It's a little early for a KotH post-mortem, but I'll have to list "Reborn to Be Wild" as one of my favorite episodes -- of that or any other show, come to think of it.

Saturday, November 1, 2008

This leaves me flat

So, as many of you may have read, a man in Japan has created a petition allowing him to marry his favorite cartoon character.

The man, Taichi Takashita, says he really likes the two-dimensional world and would prefer to live in it. Since the technology for such a transfer doesn't exist, he wants to be able to be legally married to the two-dimensional character of his choosing. Insert your favorite Hugh Hefner girlfriend joke here.

Now, while I am a fan of the four-color medium and pick up about three or four books a month, I can see many problems with this plan. Some are serious. This guy would like to be married to someone who doesn't really exist, and while there are plenty of folks who wake up after a few years and wonder who the heck is that aging wreck next to them and what happened to the handsome hunk/hot babe they pledged their forevers to, we like people to stop having imaginary friends (or spouses) after about the age of seven or eight. After that we call them "the voices in your head" and we ask that you see a doctor. We also like societies to take marriage a little more seriously than that, unless we live in Hollywood or are Brad Pitt. In the latter case, we find we don't have to take marriage seriously, because we are, after all, Brad Pitt.

Mr. Takashita hasn't ever read Stephen Hawking's A Brief History of Time, in which he points out that two-dimensional beings would face a distinct problem when it comes to the ingestion of nourishment and elimination of waste products. To wit, any kind of digestive system that resembles the one we poor old 3-D dolts have -- stuff comes in one end and goes out another -- would leave a 2-D creature in two separate pieces. Therefore, a 2-D creature would have to be able to convert 100 percent of its food into fuel for the body, which is something I think I remember my physics class saying was impossible. Or it would have to have the waste leave by the same route it used to come in, which would make the invention of 2-D mouthwash an absolute priority and render those 2-D romantic dinners with the pen-and-ink honey of your choice somewhat less romantic.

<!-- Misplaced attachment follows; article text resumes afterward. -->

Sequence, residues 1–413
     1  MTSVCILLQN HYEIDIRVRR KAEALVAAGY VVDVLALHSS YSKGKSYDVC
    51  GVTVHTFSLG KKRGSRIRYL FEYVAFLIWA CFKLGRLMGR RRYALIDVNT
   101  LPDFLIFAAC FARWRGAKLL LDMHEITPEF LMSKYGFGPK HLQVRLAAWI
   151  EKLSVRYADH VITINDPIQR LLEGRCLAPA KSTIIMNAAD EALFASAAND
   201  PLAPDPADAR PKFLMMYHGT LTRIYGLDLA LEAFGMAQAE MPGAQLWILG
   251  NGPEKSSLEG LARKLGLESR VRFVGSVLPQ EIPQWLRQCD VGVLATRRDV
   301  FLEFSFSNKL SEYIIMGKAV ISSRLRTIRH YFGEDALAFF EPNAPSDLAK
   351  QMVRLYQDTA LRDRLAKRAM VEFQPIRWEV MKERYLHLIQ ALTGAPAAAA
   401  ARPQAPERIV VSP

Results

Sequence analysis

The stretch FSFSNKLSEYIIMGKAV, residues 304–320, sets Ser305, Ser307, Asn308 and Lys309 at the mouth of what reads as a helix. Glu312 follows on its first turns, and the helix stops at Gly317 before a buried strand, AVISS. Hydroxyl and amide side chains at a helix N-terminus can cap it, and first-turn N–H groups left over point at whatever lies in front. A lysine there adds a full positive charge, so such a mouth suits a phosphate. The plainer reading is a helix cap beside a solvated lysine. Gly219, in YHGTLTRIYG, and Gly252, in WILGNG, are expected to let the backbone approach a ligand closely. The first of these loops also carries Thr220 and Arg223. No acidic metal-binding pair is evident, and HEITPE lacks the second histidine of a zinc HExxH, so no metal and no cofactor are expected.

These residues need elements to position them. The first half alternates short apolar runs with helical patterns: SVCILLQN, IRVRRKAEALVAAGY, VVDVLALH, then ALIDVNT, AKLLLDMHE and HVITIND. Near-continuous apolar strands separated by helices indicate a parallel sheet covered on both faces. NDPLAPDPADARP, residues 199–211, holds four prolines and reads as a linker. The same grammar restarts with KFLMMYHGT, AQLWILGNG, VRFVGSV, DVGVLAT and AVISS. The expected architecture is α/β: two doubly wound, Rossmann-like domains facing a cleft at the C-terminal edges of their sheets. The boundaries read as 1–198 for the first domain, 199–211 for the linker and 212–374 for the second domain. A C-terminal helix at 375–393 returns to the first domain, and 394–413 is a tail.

I'm not familiar with which character Mr. Takashita wishes to wed, but my experience with comic books leaves me wondering if volunteering to be the spouse of one is such a good idea. To be honest, the only super-female I whose steady fella I remember is Wonder Woman's Steve Trevor, and he got killed. Twice. One version of Supergirl got stuck with Lex Luthor for a beau, and that doesn't seem to be a healthy relationship, since Luthor was actually a clone of himself pretending to be his own son. It ended badly when Supergirl found out Lex had cloned a hundred or so of her, giving himself a host of interchangeable svelte blonde lovelies. Insert your second favorite Hugh Hefner girlfriend joke here. Black Canary had Green Arrow, who was a hero in his own right, but who I think died once himself, or at least seemed to.

Things go worse for you if you're a gal with an eye on your favorite member of the colored longjohn set. Superhero girlfriends have a very high and somewhat grisly mortality rate. Plus, it takes the bum some sixty years to marry you, after he's spent most of that time pretending to be someone else (the less said the better, about how you're so dumb you can't recognize him just because he has glasses on. Insert your third favorite Hugh Hefner girlfriend joke here).

Of course, all of these things will, it seems in Mr. Takashita's opinion, be dealt with someday by advancing technology. But I'm going to stake out my position here in defense of the third dimension, no matter who may decide to abandon their relationships with me because of it. You see, I happen to think we're just not complete without that third D, which stands for depth. Width and height are crucial to existence as well, we know, even if a lot of us would like to have a little less of the former and more of the latter. But depth is what makes the whole thing go, adding that crucial third aspect that makes our existence worthwhile.

Because the abandonment of the third dimension would mean a loss of a number of aspects I, speaking as a guy who has a fondness for female-type persons, find highly interesting. If you know what I mean. And I think you do.